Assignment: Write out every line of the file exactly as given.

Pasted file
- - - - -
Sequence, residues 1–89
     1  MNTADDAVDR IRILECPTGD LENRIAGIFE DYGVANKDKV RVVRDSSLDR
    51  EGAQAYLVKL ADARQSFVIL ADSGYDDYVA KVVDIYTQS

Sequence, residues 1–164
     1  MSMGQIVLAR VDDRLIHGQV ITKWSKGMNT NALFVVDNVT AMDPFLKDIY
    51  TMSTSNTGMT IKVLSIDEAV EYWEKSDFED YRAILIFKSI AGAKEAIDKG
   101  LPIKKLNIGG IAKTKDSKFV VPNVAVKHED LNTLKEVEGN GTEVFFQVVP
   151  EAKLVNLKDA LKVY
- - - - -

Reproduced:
Sequence, residues 1–89
     1  MNTADDAVDR IRILECPTGD LENRIAGIFE DYGVANKDKV RVVRDSSLDR
    51  EGAQAYLVKL ADARQSFVIL ADSGYDDYVA KVVDIYTQS

Sequence, residues 1–164
     1  MSMGQIVLAR VDDRLIHGQV ITKWSKGMNT NALFVVDNVT AMDPFLKDIY
    51  TMSTSNTGMT IKVLSIDEAV EYWEKSDFED YRAILIFKSI AGAKEAIDKG
   101  LPIKKLNIGG IAKTKDSKFV VPNVAVKHED LNTLKEVEGN GTEVFFQVVP
   151  EAKLVNLKDA LKVY